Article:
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Thyroid Condition Linked to Higher Dementia Risk

Seniors with hypothyroidism may have a higher risk of developing dementia, according to findings published in Neurology, the medical journal of the American Academy of Neurology.

After examining the health records of 7,843 people newly diagnosed with dementia in Taiwan, researchers found that 68 (0.9%) of them had hypothyroidism.

The researchers also looked at the same number of people who did not have dementia and found that just 34 (0.4%) had hypothyroidism.

In both groups, the average age was about 75.

Once the researchers adjusted for several factors that could affect dementia risk — including sex, age, high blood pressure and diabetes — they found that people age 65 and older who had been diagnosed with hypothyroidism were 81% more likely to develop dementia than people the same age who did not have the thyroid condition.

Among those age 65 and older who required medication for their thyroid condition, the likelihood of developing dementia was three times higher than among those who didn’t need medication.

On the other hand, people younger than age 65 with a history of hypothyroidism did not have an increased risk of dementia.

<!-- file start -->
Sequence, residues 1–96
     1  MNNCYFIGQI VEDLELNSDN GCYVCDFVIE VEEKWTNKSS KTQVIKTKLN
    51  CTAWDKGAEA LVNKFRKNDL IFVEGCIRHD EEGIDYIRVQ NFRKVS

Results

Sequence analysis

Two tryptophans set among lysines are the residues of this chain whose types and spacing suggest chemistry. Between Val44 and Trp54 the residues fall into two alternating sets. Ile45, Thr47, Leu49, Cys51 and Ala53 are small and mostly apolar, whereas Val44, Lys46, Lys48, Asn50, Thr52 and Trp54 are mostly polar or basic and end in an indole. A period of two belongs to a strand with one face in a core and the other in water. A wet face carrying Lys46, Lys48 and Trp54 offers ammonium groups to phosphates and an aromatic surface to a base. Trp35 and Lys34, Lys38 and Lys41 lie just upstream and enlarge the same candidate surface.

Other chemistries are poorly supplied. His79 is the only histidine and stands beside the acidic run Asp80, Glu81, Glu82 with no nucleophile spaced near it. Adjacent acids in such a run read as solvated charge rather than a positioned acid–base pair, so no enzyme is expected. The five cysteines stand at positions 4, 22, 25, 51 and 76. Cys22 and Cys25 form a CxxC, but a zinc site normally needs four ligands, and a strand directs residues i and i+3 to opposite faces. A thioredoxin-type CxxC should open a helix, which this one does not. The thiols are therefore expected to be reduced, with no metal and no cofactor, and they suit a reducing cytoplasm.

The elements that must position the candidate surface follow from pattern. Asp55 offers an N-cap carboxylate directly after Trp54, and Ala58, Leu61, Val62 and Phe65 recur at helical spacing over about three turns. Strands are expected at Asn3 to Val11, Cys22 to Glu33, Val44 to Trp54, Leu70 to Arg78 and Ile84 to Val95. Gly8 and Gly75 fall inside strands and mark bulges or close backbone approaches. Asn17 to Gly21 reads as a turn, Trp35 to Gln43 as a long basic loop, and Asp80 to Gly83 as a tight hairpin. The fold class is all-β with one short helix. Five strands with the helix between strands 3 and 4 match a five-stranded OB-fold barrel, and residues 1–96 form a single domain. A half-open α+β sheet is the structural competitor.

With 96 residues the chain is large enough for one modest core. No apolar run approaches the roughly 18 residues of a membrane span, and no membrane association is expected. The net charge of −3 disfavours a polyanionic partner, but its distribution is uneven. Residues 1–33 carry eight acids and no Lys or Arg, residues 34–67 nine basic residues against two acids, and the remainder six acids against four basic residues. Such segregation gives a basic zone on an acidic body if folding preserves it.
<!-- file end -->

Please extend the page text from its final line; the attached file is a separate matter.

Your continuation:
Hypothyroidism is a condition in which the thyroid gland — a butterfly-shaped gland located at the base of the neck — fails to produce adequate levels of thyroid hormones, which can slow the body’s metabolism. It often leads to weight gain and symptoms such as tiredness and sensitivity to cold.

Nearly 5% of Americans age 12 and older have the condition, which is more common among people over age 60 and especially among women, according to the National Institute of Diabetes and Digestive and Kidney Diseases.

In a press release, Dr. Chien-Hsiang Weng of Brown University in Providence, Rhode Island — the study’s lead author — says:

“In some cases, thyroid disorders have been associated with dementia symptoms that can be reversible with treatment. While more studies are needed to confirm these findings, people should be aware of thyroid problems as a possible risk factor for dementia and therapies that could prevent or slow irreversible cognitive decline.”

No link was found between dementia and hyperthyroidism — a condition in which the thyroid gland produces too much thyroid hormone.

Weng also noted that the study was observational, so it simply shows there is an association between hypothyroidism and dementia, rather than showing that hypothyroidism causes the cognitive disorder.

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